clock menu more-arrow no yes

Filed under:

Bengals attended Tennessee at Chattanooga pro day

New, comments

UTC’s Keionta Davis is an impressively productive defensive end in this year’s NFL Draft.

NFL: Combine Trevor Ruszkowski-USA TODAY Sports

The University of Tennessee at Chattanooga may not be the first school you think of when considering college football, but the university has produced respectable results in recent years. In addition to sending future Hall of Famer Terrell Owens to the NFL, they have absolutely dominated as a member of the Division I-AA Southern Conference in recent years. This year, offensive guard Corey Levin and defensive end Keionta Davis are the school’s top prospects for the NFL Draft.

According to Walter Football, the Bengals met with Davis at UTC’s Pro Day.

You have to admire Davis’ conviction, as he could have left UTC to play at a few FBS schools who sent him late offers. But, he appreciated UTC’s willingness to look past his high school knee injury, rewarding them with an absolutely astounding career (132 tackles, 43 for a loss, 19 pass deflections, eight forced fumbles, four fumble recoveries, 31 sacks). NFL scouts have been watching him since his electrifying junior year, so he is virtually guaranteed to be picked up at some point by the end of Day 3 of the 2017 NFL Draft.

Davis is exactly the kind of player the Bengals love. He’s strong, determined, uses hardships to his advantage and rewards loyalty with every ounce of production he can possibly provide. As a defensive end, his compact, powerful frame and 34 inch arm length translates perfectly to the Bengals’ 4-3 defensive system. He hits hard and puts effort into every single play to make sure the ball carrier comes down.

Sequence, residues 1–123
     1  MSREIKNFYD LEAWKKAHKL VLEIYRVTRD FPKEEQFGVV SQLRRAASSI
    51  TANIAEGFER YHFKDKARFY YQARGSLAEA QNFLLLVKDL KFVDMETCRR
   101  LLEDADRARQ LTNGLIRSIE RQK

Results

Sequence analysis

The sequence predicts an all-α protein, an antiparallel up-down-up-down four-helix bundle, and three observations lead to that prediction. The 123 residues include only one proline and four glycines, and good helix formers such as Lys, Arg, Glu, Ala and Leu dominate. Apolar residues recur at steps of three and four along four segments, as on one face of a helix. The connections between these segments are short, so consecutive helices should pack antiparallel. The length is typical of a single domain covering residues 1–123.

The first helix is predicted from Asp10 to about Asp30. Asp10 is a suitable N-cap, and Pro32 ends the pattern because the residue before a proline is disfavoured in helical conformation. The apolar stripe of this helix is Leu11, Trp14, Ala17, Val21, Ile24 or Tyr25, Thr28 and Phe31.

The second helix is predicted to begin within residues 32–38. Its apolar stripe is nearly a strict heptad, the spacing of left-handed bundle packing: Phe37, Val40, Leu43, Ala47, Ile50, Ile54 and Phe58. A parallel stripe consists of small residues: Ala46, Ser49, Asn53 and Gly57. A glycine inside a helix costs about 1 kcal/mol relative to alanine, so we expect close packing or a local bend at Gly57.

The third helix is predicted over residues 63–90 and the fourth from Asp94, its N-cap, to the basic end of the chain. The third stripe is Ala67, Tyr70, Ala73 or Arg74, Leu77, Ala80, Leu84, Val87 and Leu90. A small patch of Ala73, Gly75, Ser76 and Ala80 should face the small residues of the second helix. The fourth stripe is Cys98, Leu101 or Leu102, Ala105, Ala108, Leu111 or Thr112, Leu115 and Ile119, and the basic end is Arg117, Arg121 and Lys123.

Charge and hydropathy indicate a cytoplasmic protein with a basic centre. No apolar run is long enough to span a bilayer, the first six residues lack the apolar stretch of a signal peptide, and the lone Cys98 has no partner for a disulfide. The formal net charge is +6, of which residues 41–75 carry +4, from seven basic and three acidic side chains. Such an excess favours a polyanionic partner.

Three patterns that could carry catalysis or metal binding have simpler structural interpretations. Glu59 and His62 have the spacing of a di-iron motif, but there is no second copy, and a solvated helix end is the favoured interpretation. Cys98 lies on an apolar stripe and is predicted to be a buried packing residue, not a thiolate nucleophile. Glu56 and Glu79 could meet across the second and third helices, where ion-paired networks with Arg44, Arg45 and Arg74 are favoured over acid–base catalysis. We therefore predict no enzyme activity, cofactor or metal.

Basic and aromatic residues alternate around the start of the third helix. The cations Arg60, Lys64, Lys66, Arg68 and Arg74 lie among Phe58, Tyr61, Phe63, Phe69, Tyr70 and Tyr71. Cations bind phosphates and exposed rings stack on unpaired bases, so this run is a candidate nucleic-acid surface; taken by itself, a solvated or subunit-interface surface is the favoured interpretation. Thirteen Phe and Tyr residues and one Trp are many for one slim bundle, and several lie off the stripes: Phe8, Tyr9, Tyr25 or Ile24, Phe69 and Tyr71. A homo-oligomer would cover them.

At his pro day, he ran the 40-yard dash in 4.67 seconds, which would have tied for eighth among the defensive linemen at the combine. He had a 37-inch vertical and 30 reps on the 225-pound bench press, that would have been third and fourth at the Combine, respectively. He did not take part in most of the Combine drills.

Unfortunately, as hard of a worker and player as he is, his technique can betray him. He lacks the quick twitch and positional fluidity that it takes to be a great defensive end in the NFL. His hips can be stiff and his burst is questionable. But, his work ethic and production might be enough to reward him with a spot on a roster, where he will have plenty of opportunity to work with NFL coaches who can help him refine the more questionable areas of his technique.

The Bengals also may have caught a glimpse of Levin at UTC’s Pro Day, although he was certainly not their primary focus. Following the departure of Kevin Zeitler to the Cleveland Browns this offseason, offensive guard is a position that is suddenly something for the Bengals to think about. Andre Smith is expected to challenge for the starting spot with T.J. Johnson and Christian Westerman pushing to fill the starting role. Levin would fit in as another backup to groom in Cincinnati.

An athletic and patient offensive guard with solid hand placement with functional awareness, Levin is a bit undersized for the guard position. However, his balance and core strength could lend well to a role as a backup offensive guard who can swing in to cover at center if necessary. He could stand to be more decisive with his punch and will need to work on his drive strength at the NFL level, but overall he is a solid offensive guard prospect who could stick on the Bengals’ roster for his flexibility and core strength.

Davis fits the Bengals’ prototype for defensive end but the team probably won’t want to pick him up before the sixth round, where they can afford to cut their losses if he cannot overcome his slow start and unrefined technique. However, if he can, the Bengals will be thrilled to work with a prospect with his dedication and character, in addition to the kind of production he is known to be capable of.